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Driver in Fresno County crash that killed 9 was drunk, report says

Three highway patrol officers stand at a lectern with the CHP logo in front of microphones
California Highway Patrol Capt. Kevin Clays, center, speaks at a Jan. 2 news conference about a fiery crash that killed nine people on Highway 33 one day earlier.
(Eric Paul Zamora / Fresno Bee)

The driver of an SUV involved in a Central California crash that killed nine, including seven children, was drunk and didn’t have a license, federal investigators said Thursday in a preliminary report.

The children, who were between 6 and 15 years old, were members of two related families traveling with a 34-year-old woman in a Ford F-150 pickup that was struck by a Dodge Journey SUV on New Year’s Day along rural Highway 33 in Fresno County.

The preliminary report by the National Transportation Safety Board says the 28-year-old driver of the Dodge had a blood-alcohol level more than double the state’s legal limit. He did not have a driver’s license, the report said.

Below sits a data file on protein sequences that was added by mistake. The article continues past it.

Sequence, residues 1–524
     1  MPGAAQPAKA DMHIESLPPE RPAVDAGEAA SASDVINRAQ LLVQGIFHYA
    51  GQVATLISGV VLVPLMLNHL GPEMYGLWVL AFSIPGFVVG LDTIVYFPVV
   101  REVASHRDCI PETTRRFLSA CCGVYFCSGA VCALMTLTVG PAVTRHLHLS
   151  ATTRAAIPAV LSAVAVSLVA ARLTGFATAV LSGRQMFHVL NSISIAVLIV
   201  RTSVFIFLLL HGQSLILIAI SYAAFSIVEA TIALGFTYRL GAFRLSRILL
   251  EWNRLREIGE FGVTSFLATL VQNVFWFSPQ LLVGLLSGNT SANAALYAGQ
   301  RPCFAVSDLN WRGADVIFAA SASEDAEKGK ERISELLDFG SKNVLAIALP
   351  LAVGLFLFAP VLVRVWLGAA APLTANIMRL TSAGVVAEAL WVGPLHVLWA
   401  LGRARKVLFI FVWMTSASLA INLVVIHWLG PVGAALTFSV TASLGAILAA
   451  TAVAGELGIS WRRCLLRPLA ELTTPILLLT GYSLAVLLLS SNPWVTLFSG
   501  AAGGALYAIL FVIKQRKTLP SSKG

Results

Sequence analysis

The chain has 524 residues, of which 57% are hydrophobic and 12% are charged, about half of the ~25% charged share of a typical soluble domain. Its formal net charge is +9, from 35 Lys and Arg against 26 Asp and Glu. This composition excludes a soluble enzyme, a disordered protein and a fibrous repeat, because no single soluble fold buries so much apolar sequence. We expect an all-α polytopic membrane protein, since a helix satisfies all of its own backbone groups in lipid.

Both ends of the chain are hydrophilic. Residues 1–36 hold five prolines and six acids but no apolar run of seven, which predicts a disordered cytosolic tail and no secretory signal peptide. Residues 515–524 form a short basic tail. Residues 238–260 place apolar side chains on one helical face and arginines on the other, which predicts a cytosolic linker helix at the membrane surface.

Both drivers had marijuana cannabinoids in their systems, according to the report.

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The cause of the head-on crash remains under investigation by the NTSB and the California Highway Patrol.

“The NTSB is awaiting the results of further toxicology testing for both drivers and will evaluate the potential role of alcohol and drug impairment in this crash. Medical and human performance evaluations will also examine whether driver fatigue, distraction, or medical conditions were factors in the crash,” the preliminary report said.

The Dodge was traveling southbound on the highway when it veered onto the dirt shoulder for an unknown reason, investigators said. The driver then overcorrected and swerved into the southbound lane, where it struck the Ford.

The Ford burst into flames on the dirt shoulder, while the Dodge came to a stop straddling both lanes of the highway, according to investigators.

Officials said at the time that weather or other road conditions did not appear to be a factor.


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